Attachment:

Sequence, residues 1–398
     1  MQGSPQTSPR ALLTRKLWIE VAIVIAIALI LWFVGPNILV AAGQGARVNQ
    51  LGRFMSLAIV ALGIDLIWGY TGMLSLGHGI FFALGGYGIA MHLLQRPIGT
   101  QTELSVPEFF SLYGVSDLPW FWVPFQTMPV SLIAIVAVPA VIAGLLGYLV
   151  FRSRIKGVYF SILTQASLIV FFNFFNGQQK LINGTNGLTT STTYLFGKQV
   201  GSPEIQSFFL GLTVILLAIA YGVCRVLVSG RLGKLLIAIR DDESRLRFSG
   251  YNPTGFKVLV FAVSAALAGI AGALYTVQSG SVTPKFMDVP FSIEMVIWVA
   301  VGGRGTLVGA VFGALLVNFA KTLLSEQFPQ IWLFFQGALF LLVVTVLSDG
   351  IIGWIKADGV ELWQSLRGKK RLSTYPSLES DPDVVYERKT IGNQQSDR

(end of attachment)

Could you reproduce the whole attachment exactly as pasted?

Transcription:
Sequence, residues 1–398
     1  MQGSPQTSPR ALLTRKLWIE VAIVIAIALI LWFVGPNILV AAGQGARVNQ
    51  LGRFMSLAIV ALGIDLIWGY TGMLSLGHGI FFALGGYGIA MHLLQRPIGT
   101  QTELSVPEFF SLYGVSDLPW FWVPFQTMPV SLIAIVAVPA VIAGLLGYLV
   151  FRSRIKGVYF SILTQASLIV FFNFFNGQQK LINGTNGLTT STTYLFGKQV
   201  GSPEIQSFFL GLTVILLAIA YGVCRVLVSG RLGKLLIAIR DDESRLRFSG
   251  YNPTGFKVLV FAVSAALAGI AGALYTVQSG SVTPKFMDVP FSIEMVIWVA
   301  VGGRGTLVGA VFGALLVNFA KTLLSEQFPQ IWLFFQGALF LLVVTVLSDG
   351  IIGWIKADGV ELWQSLRGKK RLSTYPSLES DPDVVYERKT IGNQQSDR